You say you love your mom, but I can’t relate

I have always been a mildly jealous person. Not that I am in a rage when I see someone with something I don’t have myself, but I am the type of person to let little things hurt me.

And the one thing that probably makes me the most jealous and hurt is when I see others rave about how much they love that their mom is their best friend.

You say you love your mom, but I can’t relate.

I have had a lot of outreach from my blog’s readers. I often hear how others have really connected to what I write about my mom, so I wanted to write one for them- For those that feel the same hurt that I do. For those that have had their own pain and find it comforting to know that they are not alone. For those that relate to this title before even reading the article… This one is in honor of you. (Thank you for reaching out to me, telling me your own stories, and sending love. I hope that never stops!)

I was 7 years old when I was taken from my mom by DCFS, and I actually do have a lot of great memories of my mom from before then. Maybe I exaggerate how awesome those memories really are, simply because I have yearned for more time with her ever since I could understand what even happened. I remember her tickling me while snuggled up on the couch. I remember how good her pepper gravy tasted. I remember how beautiful she was as I looked down on her from the top bunk of our bunkbed.

There were times I would lay with my face in my pillow crying, just so my sisters wouldn’t hear me. I never googled my name because the one time I did I was terrified to see a nasty methed-out mugshot of my mom. I was mailing letters to my mom while she was in prison, whereas some of my friends didn’t even know how to address a letter or buy a stamp. I changed the TV channel every time I saw a CrimeStoppers commercial come on, just in case her picture would pop up under the WANTED list. These are things that I’m sure the average kid doesn’t have to deal with, but they shaped me into the girl that grew up angry and jealous of everyone else that brags on how awesome their mom was. You may love your mom, but my mom has hurt me more than any person on this earth. I do not feel sorry for how blunt I can be about the pain that she has caused. I do not feel like I have to sugarcoat the emotional and mental hurt that she has brought to my life. So when you say you love your mom, I can’t relate.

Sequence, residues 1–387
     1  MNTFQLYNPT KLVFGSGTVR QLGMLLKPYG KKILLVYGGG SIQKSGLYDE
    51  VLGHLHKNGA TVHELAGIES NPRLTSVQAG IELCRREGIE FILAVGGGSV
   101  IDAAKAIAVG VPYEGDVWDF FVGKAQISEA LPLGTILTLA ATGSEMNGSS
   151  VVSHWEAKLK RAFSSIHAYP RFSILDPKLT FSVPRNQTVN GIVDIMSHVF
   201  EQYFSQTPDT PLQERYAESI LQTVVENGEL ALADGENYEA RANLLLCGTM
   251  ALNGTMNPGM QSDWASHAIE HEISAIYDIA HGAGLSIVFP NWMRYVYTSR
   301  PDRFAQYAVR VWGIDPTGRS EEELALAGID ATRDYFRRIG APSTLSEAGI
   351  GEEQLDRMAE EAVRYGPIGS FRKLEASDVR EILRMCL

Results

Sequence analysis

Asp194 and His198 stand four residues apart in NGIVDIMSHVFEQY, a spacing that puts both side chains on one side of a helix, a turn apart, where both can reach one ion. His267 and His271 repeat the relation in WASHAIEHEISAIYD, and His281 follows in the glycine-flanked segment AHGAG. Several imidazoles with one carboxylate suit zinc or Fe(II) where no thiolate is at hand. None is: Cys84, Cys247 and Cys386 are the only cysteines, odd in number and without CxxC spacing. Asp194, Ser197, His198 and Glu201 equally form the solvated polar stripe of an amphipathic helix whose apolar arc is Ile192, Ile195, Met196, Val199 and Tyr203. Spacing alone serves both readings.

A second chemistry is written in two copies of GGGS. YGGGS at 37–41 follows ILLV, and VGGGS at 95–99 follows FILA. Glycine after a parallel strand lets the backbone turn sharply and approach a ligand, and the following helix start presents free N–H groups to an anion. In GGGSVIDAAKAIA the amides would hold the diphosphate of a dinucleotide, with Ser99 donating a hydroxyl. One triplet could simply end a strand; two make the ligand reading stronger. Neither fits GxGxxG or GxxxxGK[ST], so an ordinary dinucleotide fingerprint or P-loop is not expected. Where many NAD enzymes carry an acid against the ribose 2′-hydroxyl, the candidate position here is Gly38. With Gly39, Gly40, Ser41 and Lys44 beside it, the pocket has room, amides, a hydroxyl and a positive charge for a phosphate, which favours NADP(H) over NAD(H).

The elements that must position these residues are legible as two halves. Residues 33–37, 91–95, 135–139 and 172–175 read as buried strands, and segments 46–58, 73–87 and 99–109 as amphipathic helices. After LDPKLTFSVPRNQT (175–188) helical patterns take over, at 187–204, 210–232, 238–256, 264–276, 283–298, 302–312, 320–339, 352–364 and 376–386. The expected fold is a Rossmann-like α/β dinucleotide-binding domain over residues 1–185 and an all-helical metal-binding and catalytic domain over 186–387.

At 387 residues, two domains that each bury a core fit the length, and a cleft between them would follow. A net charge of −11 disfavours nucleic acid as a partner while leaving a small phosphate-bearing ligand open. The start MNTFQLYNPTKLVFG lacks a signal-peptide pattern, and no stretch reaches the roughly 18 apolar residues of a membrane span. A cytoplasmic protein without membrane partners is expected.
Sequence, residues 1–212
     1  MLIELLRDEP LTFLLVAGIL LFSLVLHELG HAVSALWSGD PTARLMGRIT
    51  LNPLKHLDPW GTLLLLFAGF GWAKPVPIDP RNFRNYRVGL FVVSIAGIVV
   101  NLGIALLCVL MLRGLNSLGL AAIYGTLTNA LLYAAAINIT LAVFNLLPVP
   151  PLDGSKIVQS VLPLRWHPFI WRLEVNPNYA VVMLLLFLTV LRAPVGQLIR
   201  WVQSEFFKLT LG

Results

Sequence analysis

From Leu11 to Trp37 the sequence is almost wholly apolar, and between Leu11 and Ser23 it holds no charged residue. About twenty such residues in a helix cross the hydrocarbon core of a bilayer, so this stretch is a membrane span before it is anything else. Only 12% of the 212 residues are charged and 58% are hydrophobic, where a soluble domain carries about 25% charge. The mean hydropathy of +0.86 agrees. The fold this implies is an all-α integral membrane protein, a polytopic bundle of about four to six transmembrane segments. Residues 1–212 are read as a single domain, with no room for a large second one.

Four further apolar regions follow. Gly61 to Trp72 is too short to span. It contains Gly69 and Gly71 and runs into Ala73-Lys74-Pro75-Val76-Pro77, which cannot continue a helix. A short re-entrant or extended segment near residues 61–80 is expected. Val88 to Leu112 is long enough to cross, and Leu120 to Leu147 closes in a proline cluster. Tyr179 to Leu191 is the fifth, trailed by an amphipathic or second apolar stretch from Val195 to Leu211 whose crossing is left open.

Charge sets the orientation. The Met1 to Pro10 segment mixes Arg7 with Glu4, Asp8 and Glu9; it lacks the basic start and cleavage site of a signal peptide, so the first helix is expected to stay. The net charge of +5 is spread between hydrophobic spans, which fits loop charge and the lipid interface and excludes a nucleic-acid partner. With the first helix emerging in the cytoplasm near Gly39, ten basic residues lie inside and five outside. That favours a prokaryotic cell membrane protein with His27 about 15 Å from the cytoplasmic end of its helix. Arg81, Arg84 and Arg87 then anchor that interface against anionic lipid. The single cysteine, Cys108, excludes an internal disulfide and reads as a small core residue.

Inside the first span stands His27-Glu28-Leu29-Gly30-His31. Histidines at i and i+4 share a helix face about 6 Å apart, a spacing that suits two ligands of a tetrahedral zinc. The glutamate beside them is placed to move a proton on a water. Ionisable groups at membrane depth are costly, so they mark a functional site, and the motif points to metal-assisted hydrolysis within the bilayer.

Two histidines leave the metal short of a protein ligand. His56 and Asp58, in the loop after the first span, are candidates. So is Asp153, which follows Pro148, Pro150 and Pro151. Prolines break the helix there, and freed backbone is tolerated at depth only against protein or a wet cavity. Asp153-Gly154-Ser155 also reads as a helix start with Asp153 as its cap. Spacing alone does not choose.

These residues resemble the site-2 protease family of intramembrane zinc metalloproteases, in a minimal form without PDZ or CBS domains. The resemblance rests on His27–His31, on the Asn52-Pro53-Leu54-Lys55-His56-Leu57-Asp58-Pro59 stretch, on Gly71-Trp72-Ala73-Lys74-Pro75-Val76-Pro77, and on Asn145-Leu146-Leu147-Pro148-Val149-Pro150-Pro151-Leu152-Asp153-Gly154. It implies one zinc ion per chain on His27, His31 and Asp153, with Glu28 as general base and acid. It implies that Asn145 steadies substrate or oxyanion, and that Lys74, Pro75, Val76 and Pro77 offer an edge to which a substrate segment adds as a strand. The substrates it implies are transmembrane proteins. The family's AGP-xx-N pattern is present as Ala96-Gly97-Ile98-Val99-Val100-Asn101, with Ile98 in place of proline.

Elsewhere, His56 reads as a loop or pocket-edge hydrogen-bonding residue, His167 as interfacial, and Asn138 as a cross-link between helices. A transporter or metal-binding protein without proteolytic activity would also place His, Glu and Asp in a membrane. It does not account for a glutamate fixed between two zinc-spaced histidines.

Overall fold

You may think, “… But she’s your family, you should love your family no matter what!” Here’s what I have to say to that: Would someone that truly loved you do that to you? No, seriously. Yeah, I get that family is important. My family is truly one of my highest priorities, but someone that can cause you that much heartache is not family. She could look me dead in my eye, tell me she was done with the drugs, then walk down the street to a buddy’s house for a hit after I drove away. So when you say you love your mom, I can’t relate.

I remember one of my high school best friends would bring a perfectly folded and packed suitcase with her to every basketball tournament. To this day, I still remember standing there watching as she opened it up and took the beautifully arranged items out. Something as simple as that made me wish that I had my mom do that for me. There are so many small things moms do that get overlooked, but there are people like me that notice every single one of them. To those of you that have that amazing relationship with your mom, I hope this post makes you realize your love for her even more. I hope this gives you the urge to go hug her and thank her for nurturing and loving you the way a real mother should. You are living a life so many others can only dream of. Never waste a moment to tell her how much she means to you!

 

 

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